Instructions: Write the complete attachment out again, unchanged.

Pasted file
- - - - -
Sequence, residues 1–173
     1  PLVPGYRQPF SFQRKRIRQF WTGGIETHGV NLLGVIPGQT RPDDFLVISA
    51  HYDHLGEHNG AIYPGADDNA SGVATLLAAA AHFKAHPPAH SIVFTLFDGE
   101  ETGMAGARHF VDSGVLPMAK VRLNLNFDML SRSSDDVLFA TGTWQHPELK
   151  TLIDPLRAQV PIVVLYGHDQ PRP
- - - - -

Sequence, residues 1–173
     1  PLVPGYRQPF SFQRKRIRQF WTGGIETHGV NLLGVIPGQT RPDDFLVISA
    51  HYDHLGEHNG AIYPGADDNA SGVATLLAAA AHFKAHPPAH SIVFTLFDGE
   101  ETGMAGARHF VDSGVLPMAK VRLNLNFDML SRSSDDVLFA TGTWQHPELK
   151  TLIDPLRAQV PIVVLYGHDQ PRP